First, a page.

In Reyniers, gravel agitation is incorporated into the aquarium draining process through the utilization of the Venturi principle. A flexible hose is provided having opposite ends, where one end is connected to one end of a larger diameter tube. The other end of the tube is placed adjacent the gravel covering the aquarium floor. A valve and a fitting provide means for connection to the end of a faucet that contains a venturi section. When the faucet is turned on, one position of the valve causes the water running out of the faucet to draw water from the aquarium for discharge into the drain below the faucet. The outward flow of water from the gravel tube, through the flexible hose, and into the drain, is sufficient to lift some of the gravel into the tube when it is placed almost fully in contact with the gravel. But this form of syphoning action creates a relatively slow water velocity leaving the gravel tube. This rate of water flow outward from the aquarium is sufficient to carry some fish wastes embedded within gravel, but not all of it, because the outward water flow does not stimulate sufficient gravel agitation to promote the degree of gravel to gravel surface contact required for a more thorough form of gravel cleansing.
The Schultz patent takes a different approach to gravel agitation. It is reportedly the result of tests which show that separating sediment and impurities from the gravel must take place totally outside the gravel tube and in the presence of an uninterrupted flow of water up through the discharge hose. Therefore, to accomplish gravel agitation, Schultz's method includes the utilization of a frame-supported, tooth-shaped grille that has formed therein a plurality of openings to allow passage of water, sediment and impurities into the discharge hose, but not the gravel. This tooth-shaped grille, in turn, is used by the operator to manually "manipulate" the gravel about the floor of the aquarium, or cause the gravel particles to "bump and grind" against each other as a means of loosening debris imbedded within the gravel so that the debris when loosened is thereby drawn into the openings of the tooth-shaped grille and through the discharge hose before terminating into the drain.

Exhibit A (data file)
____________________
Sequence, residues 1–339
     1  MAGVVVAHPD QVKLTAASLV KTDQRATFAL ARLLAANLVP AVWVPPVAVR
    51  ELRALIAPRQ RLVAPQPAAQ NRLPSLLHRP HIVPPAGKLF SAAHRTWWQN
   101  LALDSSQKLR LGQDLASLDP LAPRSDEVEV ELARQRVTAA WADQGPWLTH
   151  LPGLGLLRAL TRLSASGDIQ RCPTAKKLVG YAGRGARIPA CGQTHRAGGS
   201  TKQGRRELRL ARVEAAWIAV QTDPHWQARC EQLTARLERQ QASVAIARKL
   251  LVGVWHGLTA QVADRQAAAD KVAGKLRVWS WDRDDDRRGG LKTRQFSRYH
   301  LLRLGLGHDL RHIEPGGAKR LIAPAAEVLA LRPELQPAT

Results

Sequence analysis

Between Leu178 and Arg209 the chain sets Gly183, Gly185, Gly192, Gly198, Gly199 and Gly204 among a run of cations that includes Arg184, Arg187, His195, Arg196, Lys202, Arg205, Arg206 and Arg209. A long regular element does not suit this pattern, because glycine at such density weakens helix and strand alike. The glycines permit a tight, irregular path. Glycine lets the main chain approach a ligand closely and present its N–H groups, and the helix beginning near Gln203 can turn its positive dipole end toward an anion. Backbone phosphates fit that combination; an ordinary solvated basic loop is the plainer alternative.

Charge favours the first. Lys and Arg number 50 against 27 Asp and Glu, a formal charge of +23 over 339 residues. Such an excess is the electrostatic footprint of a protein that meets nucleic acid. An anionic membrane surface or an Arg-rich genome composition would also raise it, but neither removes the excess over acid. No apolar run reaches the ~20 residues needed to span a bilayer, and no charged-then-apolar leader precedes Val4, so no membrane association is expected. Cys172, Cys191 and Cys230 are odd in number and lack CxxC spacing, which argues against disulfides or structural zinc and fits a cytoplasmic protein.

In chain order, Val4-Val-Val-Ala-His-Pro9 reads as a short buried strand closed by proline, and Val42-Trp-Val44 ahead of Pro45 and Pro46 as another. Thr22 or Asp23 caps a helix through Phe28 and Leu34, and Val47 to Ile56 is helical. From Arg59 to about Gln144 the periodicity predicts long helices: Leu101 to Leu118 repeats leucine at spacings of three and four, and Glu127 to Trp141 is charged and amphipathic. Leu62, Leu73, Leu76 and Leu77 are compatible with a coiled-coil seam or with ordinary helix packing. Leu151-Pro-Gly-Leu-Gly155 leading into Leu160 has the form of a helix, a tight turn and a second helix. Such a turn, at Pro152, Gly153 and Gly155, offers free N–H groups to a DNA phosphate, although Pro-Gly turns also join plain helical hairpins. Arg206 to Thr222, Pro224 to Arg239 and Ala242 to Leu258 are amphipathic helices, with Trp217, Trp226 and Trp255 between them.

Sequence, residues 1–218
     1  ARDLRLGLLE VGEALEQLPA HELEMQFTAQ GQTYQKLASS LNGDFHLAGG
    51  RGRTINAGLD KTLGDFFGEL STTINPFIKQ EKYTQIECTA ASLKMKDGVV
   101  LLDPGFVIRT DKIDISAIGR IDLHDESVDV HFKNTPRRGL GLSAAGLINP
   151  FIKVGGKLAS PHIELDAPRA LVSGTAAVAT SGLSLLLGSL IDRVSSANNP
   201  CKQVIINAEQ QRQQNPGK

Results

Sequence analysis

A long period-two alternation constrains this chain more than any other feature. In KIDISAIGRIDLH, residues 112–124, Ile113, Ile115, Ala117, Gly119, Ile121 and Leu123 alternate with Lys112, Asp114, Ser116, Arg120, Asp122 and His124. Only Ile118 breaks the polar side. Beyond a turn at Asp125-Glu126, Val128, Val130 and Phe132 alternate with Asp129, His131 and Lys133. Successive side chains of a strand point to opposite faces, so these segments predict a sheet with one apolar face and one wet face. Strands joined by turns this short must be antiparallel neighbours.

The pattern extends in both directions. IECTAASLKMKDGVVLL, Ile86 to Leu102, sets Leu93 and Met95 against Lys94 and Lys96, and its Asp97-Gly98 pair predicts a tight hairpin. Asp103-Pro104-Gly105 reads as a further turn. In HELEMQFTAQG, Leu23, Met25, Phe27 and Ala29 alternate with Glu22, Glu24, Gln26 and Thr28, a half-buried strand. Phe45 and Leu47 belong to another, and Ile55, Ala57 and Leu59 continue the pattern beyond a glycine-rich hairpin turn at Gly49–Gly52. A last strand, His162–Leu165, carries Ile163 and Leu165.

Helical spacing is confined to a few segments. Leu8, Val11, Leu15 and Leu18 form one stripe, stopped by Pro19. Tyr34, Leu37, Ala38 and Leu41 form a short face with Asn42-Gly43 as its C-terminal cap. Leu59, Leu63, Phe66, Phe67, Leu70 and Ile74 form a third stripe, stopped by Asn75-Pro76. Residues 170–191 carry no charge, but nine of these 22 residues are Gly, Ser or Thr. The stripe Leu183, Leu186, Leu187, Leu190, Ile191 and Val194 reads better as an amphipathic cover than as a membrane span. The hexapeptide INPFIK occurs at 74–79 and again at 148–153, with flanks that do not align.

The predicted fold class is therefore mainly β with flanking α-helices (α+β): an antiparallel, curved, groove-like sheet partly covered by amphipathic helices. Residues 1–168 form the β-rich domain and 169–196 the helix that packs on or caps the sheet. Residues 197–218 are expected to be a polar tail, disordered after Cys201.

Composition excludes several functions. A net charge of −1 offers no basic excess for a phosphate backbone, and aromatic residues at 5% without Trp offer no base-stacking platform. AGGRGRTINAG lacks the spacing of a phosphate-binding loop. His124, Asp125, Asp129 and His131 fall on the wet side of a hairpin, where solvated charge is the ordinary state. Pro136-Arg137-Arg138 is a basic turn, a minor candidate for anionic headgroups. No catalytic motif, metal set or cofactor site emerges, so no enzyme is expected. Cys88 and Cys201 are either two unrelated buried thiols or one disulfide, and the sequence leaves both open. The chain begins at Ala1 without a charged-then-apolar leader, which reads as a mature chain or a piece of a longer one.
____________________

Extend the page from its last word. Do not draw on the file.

Unfortunately, this method of gravel agitation presents its own problems. Once again, like the Reyniers method, it too incorporates the use of the Venturi principle in the aquarium draining process as a means of cleaning aquarium gravel. Granted, the Schultz method is not designed to agitate gravel by way of draining the aquarium, but it does depend on the draining process to carry fish wastes out of the tank once these wastes have been stirred up by the operator of the tooth-shaped grille. For example, in order to agitate debris-laden gravel at the bottom of an aquarium gravel bed with a depth of three or more inches, the operator of the tooth-shaped grille has a choice of either using the device to sweep away the top layers of gravel, or use the device to plow down deep inside the bed. The plowing, digging, and raking of gravel with the toothshaped grille has the potential for creating considerable cloudiness in the aquarium and thereby disturbing the inhabitants with organic pollutants, especially in aquariums that are not regularly cleaned. For best results in using this apparatus, one must exercise extreme care and patience in manipulating the grille in order to do a thorough job of cleaning the gravel while not violating the twenty-percent water volume change rule. To accomplish this feat requires traits that are not always present in those who care for aquariums.